You Can be Sure of Shell
Whilst I'm still feeling nostalgic having revisited my childhood 'Wandering Star' obsession, I thought I'd revisit another childhood favourite: the early sixties Shell Petrol ad featuring Bing Crosby. I say featuring Bing Crosby, in reality it is only his voice featured, with an anonymous pipe fondling extra standing in for him behind the wheel of the car. As it's all shot 'point of view', we never see the driver's face, with the aforementioned pipe and the bag of golf clubs in the passenger seat acting as visual cues to identify him as 'Bing'. So the real Bing Crosby didn't have to travel further than his nearest recording studio in the States in order to make his trip around the British Isles. Although first aired in the early sixties, I remember this ad still being run on British TV in the late sixties when I was a kid.
The 'Bing Sings Shell' advert was one of a series which ran on UK TV from the late fifties onward, usually featuring Micheal Holliday's vocals on the 'You Can be Sure of Shell' song. Each one featured a 'point of view' journey in a convertible through various parts of the UK. The Bing version was a one-off special, although I have read that there was another special version featuring Sammy Davis Jr's vocals, which played across Europe, (part of the deal with Crosby, apparently, was that his ad would only be shown in the UK). Unfortunately, I have yet to find a copy of the Sammy Davis version, or even confirm its existence.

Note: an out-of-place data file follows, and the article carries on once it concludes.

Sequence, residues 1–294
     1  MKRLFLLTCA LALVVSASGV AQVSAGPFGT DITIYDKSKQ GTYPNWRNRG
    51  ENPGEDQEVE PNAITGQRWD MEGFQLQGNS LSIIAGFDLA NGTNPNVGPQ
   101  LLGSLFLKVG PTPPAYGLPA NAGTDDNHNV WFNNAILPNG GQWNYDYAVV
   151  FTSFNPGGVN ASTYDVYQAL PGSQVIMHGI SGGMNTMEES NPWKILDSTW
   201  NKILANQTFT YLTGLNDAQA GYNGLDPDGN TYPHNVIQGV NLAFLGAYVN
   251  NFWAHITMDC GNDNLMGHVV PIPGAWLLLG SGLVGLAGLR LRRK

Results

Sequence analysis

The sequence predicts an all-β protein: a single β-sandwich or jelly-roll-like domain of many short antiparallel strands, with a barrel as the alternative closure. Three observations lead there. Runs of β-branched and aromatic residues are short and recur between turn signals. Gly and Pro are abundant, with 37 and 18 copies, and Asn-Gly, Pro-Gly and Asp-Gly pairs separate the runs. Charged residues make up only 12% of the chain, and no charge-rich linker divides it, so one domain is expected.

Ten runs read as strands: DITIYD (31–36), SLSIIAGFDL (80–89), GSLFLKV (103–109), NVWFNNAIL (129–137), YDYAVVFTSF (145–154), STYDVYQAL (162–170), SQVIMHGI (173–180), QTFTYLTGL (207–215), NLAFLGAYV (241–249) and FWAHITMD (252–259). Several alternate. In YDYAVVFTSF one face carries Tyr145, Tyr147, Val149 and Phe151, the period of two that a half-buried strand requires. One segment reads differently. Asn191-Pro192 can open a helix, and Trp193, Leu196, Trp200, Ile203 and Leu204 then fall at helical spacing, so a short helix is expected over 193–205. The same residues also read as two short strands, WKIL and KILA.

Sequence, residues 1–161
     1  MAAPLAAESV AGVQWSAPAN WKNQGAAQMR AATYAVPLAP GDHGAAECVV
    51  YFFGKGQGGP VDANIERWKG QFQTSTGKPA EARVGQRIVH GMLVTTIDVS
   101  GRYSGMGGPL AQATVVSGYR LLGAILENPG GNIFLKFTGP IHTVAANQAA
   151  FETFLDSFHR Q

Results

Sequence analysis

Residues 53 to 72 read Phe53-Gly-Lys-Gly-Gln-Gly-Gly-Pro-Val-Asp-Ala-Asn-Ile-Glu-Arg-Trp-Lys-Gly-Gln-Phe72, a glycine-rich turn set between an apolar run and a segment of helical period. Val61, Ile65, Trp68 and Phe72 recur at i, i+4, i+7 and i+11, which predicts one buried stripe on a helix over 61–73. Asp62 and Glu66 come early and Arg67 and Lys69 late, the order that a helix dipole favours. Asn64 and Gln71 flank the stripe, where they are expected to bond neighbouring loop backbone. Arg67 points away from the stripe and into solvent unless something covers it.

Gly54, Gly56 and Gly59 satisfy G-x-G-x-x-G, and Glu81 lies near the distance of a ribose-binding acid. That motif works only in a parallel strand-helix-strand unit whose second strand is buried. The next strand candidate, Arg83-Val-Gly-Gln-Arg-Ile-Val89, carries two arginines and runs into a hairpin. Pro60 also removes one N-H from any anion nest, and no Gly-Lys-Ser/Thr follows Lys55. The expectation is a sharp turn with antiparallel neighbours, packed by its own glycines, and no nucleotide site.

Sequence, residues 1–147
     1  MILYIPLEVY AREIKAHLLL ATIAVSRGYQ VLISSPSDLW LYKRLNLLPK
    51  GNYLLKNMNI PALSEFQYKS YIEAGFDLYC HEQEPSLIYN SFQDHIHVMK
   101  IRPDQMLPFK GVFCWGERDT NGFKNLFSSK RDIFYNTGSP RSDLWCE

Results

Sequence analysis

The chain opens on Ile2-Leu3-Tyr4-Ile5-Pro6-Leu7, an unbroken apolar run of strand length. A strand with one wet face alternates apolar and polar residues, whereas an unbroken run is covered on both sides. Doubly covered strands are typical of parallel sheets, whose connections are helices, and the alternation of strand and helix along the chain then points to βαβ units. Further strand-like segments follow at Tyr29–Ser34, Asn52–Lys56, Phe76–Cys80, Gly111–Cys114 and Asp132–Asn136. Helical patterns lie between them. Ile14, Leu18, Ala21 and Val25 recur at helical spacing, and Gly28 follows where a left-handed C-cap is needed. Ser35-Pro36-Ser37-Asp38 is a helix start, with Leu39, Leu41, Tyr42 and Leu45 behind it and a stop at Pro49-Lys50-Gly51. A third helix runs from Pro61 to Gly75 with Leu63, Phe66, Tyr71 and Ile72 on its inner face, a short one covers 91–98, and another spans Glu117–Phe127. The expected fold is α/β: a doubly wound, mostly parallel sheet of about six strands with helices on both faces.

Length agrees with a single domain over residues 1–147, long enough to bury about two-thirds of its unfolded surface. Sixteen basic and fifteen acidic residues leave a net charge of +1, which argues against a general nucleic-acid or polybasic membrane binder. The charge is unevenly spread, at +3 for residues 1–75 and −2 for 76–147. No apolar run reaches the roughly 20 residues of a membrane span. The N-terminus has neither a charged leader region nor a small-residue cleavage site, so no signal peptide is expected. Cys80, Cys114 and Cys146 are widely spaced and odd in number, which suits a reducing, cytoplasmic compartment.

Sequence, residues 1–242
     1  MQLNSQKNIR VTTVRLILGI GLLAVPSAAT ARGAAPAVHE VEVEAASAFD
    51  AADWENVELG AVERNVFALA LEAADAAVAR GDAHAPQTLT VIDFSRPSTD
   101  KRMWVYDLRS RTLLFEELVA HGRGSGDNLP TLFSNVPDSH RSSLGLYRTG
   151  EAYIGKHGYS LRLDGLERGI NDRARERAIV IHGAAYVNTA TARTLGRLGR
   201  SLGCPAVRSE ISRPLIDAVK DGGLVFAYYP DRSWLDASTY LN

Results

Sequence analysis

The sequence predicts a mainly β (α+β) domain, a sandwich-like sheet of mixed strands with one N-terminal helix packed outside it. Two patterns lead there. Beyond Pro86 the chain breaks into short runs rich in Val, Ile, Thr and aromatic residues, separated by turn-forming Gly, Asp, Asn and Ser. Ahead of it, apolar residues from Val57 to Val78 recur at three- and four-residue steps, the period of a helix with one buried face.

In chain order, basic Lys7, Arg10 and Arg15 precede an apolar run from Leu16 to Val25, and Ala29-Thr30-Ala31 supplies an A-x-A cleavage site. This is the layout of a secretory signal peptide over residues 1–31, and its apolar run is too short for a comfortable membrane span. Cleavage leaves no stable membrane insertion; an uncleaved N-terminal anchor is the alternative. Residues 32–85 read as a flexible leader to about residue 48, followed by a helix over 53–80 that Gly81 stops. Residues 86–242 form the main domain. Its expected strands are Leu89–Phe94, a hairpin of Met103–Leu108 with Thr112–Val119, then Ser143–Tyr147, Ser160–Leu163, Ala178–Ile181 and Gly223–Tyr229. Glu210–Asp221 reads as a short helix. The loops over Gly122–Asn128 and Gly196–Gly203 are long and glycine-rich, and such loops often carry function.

The 'You Can be Sure of Shell' series of ads are quite fascinating to view now - they belong to an era when car ownership was still a novelty and most people hadn't traveled that widely in the British Isles, let alone abroad. Hence, these mini-travelogues of Britain were showing many viewers parts of their own country that had never visited. Driving was still an adventure back then. Indeed, back in the late sixties I can remember even the journey from Salisbury to London being a massive trek in those pre-M3 motorway days, when you had to follow the old A3 through what felt like every town centre in the Thames Valley. Which is probably why this advert always appealed to me as a kid - it showed driving as a relaxing, trouble free adventure on empty roads winding through beautiful scenery, rather than a slog through Staines.
I still find it more engaging than most of the ads currently running on UK TV, which all seemed to be aimed at people with no attention spans, garishly shouting out their messages. (I especially dislike those bloody adverts which try to use the 'vlogging' format - clearly some ad executive somewhere has discovered You Tube). It's certainly far more gentell, reflecting an era when the pace of life was commendably far slower.